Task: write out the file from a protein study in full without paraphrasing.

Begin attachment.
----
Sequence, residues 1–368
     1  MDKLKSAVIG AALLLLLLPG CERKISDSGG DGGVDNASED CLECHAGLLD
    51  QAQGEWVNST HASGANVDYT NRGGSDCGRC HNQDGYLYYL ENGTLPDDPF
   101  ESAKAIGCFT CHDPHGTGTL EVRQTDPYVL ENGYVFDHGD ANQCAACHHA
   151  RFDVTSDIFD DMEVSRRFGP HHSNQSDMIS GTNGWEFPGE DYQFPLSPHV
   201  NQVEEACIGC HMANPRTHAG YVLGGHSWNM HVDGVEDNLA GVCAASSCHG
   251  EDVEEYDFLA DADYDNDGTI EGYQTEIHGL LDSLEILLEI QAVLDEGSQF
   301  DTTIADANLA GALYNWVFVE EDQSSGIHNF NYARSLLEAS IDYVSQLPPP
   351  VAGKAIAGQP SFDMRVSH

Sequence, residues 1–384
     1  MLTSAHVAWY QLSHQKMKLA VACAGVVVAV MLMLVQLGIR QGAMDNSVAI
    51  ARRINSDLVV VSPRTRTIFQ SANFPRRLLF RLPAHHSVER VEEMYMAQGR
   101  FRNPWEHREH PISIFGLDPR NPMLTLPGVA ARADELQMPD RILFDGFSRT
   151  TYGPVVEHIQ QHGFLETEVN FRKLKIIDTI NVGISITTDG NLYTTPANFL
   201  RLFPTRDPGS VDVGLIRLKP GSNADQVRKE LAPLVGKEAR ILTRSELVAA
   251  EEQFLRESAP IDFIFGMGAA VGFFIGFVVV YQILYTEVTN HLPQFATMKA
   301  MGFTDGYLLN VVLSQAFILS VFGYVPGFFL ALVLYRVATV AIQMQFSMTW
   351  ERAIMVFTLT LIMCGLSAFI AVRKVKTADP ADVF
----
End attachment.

Sequence, residues 1–368
     1  MDKLKSAVIG AALLLLLLPG CERKISDSGG DGGVDNASED CLECHAGLLD
    51  QAQGEWVNST HASGANVDYT NRGGSDCGRC HNQDGYLYYL ENGTLPDDPF
   101  ESAKAIGCFT CHDPHGTGTL EVRQTDPYVL ENGYVFDHGD ANQCAACHHA
   151  RFDVTSDIFD DMEVSRRFGP HHSNQSDMIS GTNGWEFPGE DYQFPLSPHV
   201  NQVEEACIGC HMANPRTHAG YVLGGHSWNM HVDGVEDNLA GVCAASSCHG
   251  EDVEEYDFLA DADYDNDGTI EGYQTEIHGL LDSLEILLEI QAVLDEGSQF
   301  DTTIADANLA GALYNWVFVE EDQSSGIHNF NYARSLLEAS IDYVSQLPPP
   351  VAGKAIAGQP SFDMRVSH

Sequence, residues 1–384
     1  MLTSAHVAWY QLSHQKMKLA VACAGVVVAV MLMLVQLGIR QGAMDNSVAI
    51  ARRINSDLVV VSPRTRTIFQ SANFPRRLLF RLPAHHSVER VEEMYMAQGR
   101  FRNPWEHREH PISIFGLDPR NPMLTLPGVA ARADELQMPD RILFDGFSRT
   151  TYGPVVEHIQ QHGFLETEVN FRKLKIIDTI NVGISITTDG NLYTTPANFL
   201  RLFPTRDPGS VDVGLIRLKP GSNADQVRKE LAPLVGKEAR ILTRSELVAA
   251  EEQFLRESAP IDFIFGMGAA VGFFIGFVVV YQILYTEVTN HLPQFATMKA
   301  MGFTDGYLLN VVLSQAFILS VFGYVPGFFL ALVLYRVATV AIQMQFSMTW
   351  ERAIMVFTLT LIMCGLSAFI AVRKVKTADP ADVF